Inexpensive: Entry-level projection screens cost between $30 and $100. The models in this price range are pretty basic: they’re made of so-so quality vinyl, and they all open and close by tugging on a string. If you’re buying a projection screen for a one-time event or the occasional casual viewing session, you can find good options in this price range.
Mid-range: Some of the best values in projection screens cost between $100 and $300. In this price range, you’ll start to see some valuable upgrades: better-quality vinyl, motorized stands, or even a carrying case. If you’re building a modest home theater or a projection setup for a small business, this is the price range to watch.
Expensive: Luxury projection screens cost between $300 and $900. Screens in this price range get closer to being movie-theater quality (although it should be noted that real-deal movie theater screens cost anywhere from $9,000 to $40,000). If you’re building a no-holds-barred home theater, plan on spending this much.
Look for details about how to clean each model as you shop. Projection screens get dusty, and dust isn’t very reflective, which means that it can degrade your projector’s image quality if you’re not careful. Most projection screens can only be washed with soap and water because harsh chemical cleaners can degrade the screen or leave a residue behind. Once you’ve got your search narrowed down to a few models, read through some of the details to get a sense of how to clean it before you buy it.
Check user reviews to see how different portable models hold up over time. When it comes to portable projection screens, durability is a big deal. A single hole can render the whole screen useless. Check for reviews that specifically discuss whether it’s really suited for travel. If you see a lot of users complaining about damaged screens or stands, avoid those.
Mount a soundbar underneath the projection screen. Projector speakers aren’t usually amazing, so a lot of projector owners opt for a soundbar instead. If that’s part of your plan, do some measuring ahead of time. Figure out where the bottom of your projection screen will be, and make sure the soundbar fits underneath it. Keep in mind that you might have to raise your projector screen a little to get it situated. In general, a soundbar should be mounted at the same height as the viewer’s ear.
Jack-of-all-trades projection screen
This 100-inch indoor/outdoor projector screen is easily the most flexible model we’ve come across. Its two-in-one design means that it can be hung from the ceiling or used with the included frame. It rolls up easily for transport, and it’s got good viewing angles, so you’ll be able to see the picture clearly from just about anywhere. If you need a projection screen that can adapt to any situation, look no further.
If you’ve got a backyard, you’ve got to check out the EasyGo Products Inflatable Mega Movie Screen. It’s like a giant bouncy house, but the nearly 13-foot viewing area is perfect for any outdoor gathering. It comes with everything you need, including stakes and a blower motor, so you’ll have your next big outdoor movie night up and running in a matter of minutes. We’re also impressed by the Mdbebbr Projection Screen. It’s incredibly affordable, and it’s a great no-frills option for getting a giant picture on the wall. It includes a hanging kit, and the ringed border makes it easy to hang up anywhere. If you need a 120-inch projector screen for an apartment or dorm room, this is your best bet because the included hooks and adhesive can easily be removed from the wall without leaving any marks.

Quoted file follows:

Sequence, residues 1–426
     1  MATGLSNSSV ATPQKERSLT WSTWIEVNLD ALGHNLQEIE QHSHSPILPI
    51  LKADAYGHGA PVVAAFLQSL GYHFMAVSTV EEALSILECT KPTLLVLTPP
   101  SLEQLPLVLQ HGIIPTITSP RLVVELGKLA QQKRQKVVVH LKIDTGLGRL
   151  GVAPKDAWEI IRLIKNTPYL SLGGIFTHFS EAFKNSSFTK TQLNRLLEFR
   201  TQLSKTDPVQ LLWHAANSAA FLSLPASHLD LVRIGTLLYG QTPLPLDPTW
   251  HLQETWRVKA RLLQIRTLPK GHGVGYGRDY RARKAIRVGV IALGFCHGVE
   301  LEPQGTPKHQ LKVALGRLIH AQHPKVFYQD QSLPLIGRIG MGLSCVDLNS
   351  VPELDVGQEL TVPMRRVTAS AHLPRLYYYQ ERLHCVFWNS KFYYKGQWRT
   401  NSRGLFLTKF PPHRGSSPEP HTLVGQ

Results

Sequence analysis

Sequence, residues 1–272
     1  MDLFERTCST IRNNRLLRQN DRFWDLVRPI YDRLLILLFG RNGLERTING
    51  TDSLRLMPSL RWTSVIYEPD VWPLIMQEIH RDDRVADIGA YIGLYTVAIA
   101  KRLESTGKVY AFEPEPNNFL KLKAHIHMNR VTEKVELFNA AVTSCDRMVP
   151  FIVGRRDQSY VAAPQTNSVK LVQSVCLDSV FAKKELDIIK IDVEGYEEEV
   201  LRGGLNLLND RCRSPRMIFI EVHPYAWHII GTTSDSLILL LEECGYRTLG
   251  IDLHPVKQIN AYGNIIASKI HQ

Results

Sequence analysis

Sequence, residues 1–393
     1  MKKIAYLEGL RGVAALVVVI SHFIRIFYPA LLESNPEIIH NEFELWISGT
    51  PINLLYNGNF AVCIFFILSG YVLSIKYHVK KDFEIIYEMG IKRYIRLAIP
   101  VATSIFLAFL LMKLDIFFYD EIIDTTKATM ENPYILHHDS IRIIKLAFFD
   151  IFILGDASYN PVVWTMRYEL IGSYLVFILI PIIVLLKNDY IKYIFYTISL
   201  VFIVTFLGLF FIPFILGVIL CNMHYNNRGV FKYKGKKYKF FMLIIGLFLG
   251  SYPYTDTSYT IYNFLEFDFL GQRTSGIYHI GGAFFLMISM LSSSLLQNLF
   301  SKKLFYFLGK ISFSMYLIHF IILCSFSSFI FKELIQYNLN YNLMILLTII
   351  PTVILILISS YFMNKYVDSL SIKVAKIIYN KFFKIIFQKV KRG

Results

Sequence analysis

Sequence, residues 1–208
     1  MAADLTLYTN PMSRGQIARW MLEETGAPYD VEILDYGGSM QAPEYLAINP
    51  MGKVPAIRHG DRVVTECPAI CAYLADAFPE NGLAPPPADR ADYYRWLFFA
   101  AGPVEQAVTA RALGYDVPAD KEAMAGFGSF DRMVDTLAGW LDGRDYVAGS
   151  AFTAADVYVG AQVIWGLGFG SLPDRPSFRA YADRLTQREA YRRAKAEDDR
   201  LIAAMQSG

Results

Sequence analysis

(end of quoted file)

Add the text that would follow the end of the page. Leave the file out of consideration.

Q. How far away should I sit from a projection screen?
A. It depends on how big the projected image is. In this case, projectors are just like TVs: you want to sit close enough to appreciate the detail but not so close that you have to move your head to see different parts of the screen. The best way to find the ideal sitting distance for your circumstances is to start with the measurement of your projection screen (diagonally), and then search for a projector viewing distance calculator online, which will give you a precise recommendation. In general, a 120-inch screen is best appreciated from about 15 feet away. Trust your eyes above all else. If you experience any eye soreness or vision concerns, consult your doctor immediately.
Q. How much do projector screens typically weigh?
A. It depends on what kind you get, but in general, projector screens can weigh anywhere between 18 and 40 pounds. Construction materials play a big factor in this. Portable projector screens are lighter, so you can carry one around, and motorized screens are heavier because of the mechanical parts. None of them are what we would call light, but that’s actually a good thing. A projection screen made of flimsy materials wouldn’t last long.
Q. How difficult is it to install a projection screen? Should I hire a professional?
A. Projection screen installation is moderately complicated, but if you’ve got experience with a drill (and a little patience), you should be able to install it yourself. You’ll be mounting a frame to a wall or a ceiling, so if you’ve drilled into your studs before to hang things up (like a TV mount), you’ll have no problem setting up a projection screen. If you’ve never drilled into your walls before, consider consulting a professional contractor.